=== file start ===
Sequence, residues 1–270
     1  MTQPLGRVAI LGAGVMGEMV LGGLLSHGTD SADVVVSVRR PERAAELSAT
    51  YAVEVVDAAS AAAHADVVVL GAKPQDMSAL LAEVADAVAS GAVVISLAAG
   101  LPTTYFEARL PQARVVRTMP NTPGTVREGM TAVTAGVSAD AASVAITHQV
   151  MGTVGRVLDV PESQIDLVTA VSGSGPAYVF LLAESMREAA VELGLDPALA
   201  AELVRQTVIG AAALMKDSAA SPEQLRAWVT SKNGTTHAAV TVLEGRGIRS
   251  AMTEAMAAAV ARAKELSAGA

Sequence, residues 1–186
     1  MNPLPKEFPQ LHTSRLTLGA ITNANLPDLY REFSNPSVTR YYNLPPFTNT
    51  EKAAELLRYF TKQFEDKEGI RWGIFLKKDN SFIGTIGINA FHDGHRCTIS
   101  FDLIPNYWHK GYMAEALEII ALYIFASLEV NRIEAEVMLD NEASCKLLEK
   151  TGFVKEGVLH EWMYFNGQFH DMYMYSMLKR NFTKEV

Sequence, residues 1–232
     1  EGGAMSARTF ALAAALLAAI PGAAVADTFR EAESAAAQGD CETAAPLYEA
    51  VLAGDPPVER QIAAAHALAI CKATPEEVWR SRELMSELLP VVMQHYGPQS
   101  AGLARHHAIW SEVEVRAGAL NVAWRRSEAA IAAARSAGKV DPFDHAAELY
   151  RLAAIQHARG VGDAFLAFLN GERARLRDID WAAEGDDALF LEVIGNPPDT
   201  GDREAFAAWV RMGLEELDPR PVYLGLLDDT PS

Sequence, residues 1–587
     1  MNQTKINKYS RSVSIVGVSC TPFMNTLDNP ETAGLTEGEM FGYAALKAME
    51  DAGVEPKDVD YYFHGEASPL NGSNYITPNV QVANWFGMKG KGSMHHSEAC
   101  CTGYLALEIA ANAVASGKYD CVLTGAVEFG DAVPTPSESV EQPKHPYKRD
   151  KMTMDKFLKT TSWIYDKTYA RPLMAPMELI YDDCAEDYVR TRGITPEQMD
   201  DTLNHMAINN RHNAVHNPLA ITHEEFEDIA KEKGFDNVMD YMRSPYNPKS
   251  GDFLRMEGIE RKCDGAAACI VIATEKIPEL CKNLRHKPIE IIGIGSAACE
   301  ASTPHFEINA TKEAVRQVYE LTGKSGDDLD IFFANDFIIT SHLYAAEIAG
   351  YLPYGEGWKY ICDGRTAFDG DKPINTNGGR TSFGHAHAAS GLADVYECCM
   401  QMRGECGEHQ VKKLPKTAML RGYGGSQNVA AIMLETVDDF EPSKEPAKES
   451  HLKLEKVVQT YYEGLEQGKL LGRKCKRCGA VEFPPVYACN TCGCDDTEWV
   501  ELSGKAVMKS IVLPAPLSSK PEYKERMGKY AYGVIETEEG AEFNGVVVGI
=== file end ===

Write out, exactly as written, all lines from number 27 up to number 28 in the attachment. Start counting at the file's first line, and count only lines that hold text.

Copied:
   351  YLPYGEGWKY ICDGRTAFDG DKPINTNGGR TSFGHAHAAS GLADVYECCM
   401  QMRGECGEHQ VKKLPKTAML RGYGGSQNVA AIMLETVDDF EPSKEPAKES